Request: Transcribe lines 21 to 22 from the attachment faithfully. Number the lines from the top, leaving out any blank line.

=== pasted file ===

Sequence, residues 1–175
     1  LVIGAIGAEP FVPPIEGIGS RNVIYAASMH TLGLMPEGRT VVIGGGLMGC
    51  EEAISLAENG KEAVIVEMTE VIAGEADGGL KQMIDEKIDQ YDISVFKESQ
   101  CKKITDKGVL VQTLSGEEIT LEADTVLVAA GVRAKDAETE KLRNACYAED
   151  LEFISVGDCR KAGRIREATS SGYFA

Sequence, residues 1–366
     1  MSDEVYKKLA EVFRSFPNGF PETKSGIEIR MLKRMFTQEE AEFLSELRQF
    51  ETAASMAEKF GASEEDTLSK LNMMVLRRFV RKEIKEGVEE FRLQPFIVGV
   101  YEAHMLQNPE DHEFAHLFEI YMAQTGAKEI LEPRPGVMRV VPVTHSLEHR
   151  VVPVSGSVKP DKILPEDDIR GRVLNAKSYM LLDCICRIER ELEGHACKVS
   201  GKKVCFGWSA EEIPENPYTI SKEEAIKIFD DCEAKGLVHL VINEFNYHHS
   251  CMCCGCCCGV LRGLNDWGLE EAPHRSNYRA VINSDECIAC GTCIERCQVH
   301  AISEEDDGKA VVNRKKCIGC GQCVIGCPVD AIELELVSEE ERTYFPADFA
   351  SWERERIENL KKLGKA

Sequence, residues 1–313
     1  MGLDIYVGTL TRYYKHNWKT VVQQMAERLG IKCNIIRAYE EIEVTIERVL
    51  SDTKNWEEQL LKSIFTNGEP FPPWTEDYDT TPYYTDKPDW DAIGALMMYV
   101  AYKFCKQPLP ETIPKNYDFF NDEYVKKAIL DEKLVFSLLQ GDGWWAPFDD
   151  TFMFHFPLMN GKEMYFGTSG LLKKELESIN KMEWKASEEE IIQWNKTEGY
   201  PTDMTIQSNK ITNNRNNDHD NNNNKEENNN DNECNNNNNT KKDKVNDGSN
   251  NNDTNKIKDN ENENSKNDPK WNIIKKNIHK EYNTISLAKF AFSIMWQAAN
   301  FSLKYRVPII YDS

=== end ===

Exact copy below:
   251  NNDTNKIKDN ENENSKNDPK WNIIKKNIHK EYNTISLAKF AFSIMWQAAN
   301  FSLKYRVPII YDS